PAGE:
Home > A closer look > An early and a late work by … Gerhard Richter
An early and a late work by … Gerhard Richter
A closer look 19 Jan 2014

An early and a late work by … Gerhard Richter

On the occasion of the sale of his work Wand (Wall) at Sotheby’s London on 12 February 2014, and after Boltanski, Artsper looks this week at the case of the German painter Richter. His incessant returns between abstraction and figuration, his technical mastery of the pictorial material, make him one of the most expensive living artists on the market, although absent from artprice’s annual report because he was born in 1923 (and therefore considered a modern artist, yes.)

If the study of Boltanski’s case had revealed a certain continuity in the artist’s practice, Richter’s case is different. Despite the permanence of the medium of painting, the technique and the scope of his work have changed dramatically.

Richter mural of the German Hygiene Museum, Dresden, 1956

Lebenfreude, 1956


Cage, 2006

During his last year of study at the Dresden school of art, where classical and academic studies were essential and the daily studies and drawings of nature were regarded as the culmination of the artistic genius, the young Richter got a commission from the Deutsches Hygienemuseum, on the theme of the joy of living (Lebensfreude). Very well received by the officials of the museum, the work was described as “a joyous celebration of a socialist system freed from fascism”. The work is extremely conventional and without relief, the human figures are robust, the children perform healthy activities and the group on the left, in the foreground, slightly evokes Manet’s Dejeuner sur l’herbe. Everything transpires an academic influence on which Richter is still extremely dependent. The painter is not interested in making a living from official commissions, and will soon take his distance from this early style.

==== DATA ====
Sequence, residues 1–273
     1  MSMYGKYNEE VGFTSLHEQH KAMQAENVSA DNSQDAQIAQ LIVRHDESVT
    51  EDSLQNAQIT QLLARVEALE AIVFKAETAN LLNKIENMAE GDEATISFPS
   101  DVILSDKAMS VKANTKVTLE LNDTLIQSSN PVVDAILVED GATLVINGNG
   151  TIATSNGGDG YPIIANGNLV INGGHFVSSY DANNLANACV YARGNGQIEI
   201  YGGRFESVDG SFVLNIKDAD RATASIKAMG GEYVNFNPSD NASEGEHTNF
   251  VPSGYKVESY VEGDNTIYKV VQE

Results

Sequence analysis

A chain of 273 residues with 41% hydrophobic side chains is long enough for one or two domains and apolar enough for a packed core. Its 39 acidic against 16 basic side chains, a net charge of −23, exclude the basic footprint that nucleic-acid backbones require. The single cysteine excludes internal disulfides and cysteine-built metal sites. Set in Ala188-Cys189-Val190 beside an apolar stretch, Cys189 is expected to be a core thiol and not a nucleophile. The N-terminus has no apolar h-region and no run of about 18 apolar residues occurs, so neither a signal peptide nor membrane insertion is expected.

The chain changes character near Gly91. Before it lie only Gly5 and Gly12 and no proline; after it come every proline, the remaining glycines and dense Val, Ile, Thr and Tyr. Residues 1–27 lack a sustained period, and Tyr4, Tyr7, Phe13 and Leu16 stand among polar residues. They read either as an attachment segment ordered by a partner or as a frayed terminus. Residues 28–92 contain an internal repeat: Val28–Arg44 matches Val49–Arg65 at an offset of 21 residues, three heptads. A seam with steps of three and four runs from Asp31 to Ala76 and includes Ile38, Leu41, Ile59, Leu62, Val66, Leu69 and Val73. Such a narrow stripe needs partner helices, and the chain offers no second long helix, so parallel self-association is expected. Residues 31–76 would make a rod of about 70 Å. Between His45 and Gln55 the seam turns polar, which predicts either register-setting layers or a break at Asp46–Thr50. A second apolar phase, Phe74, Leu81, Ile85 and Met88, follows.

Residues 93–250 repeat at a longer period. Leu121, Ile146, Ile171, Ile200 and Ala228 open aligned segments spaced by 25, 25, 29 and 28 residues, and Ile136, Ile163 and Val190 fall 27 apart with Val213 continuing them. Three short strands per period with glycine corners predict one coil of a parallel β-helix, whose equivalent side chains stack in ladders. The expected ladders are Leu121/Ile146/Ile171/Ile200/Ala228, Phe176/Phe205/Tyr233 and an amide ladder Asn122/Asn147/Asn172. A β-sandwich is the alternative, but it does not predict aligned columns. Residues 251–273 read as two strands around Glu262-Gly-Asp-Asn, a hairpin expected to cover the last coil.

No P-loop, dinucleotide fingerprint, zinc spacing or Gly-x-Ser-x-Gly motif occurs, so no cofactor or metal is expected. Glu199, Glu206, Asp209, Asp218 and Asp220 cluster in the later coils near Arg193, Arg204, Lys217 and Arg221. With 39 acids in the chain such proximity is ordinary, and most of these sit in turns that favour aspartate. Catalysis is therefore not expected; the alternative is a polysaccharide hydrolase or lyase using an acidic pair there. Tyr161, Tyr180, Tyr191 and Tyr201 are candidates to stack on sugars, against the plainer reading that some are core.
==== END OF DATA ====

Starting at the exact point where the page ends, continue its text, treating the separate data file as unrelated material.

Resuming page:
Richter’s career was celebrated in 2011 by a retrospective at the Pompidou Center and he was acclaimed as a great figurative artist of the 1980s; The artist is almost 90 and the 21st century marks a shift towards abstraction in his practice. The Cage series from 2006 is without any doubt his most beautiful abstract achievement. It was produced as a tribute to American composer John Cage, that the artist has never met ; he declared in a 2004 interview that “it is grossly in Cage’s style who said: I have nothing to say, and I am saying it. I have always thought that this was a wonderful quote. It is the best option that we have in order to be able to continue moving forward”. Even if we thought that Richter’s talent was wasted and perverted by his artistic education, the artist, thanks to his insatiable desire to explore the language of painting, has been able to reinvent his work, and today he is still one of the forerunners of contemporary art.

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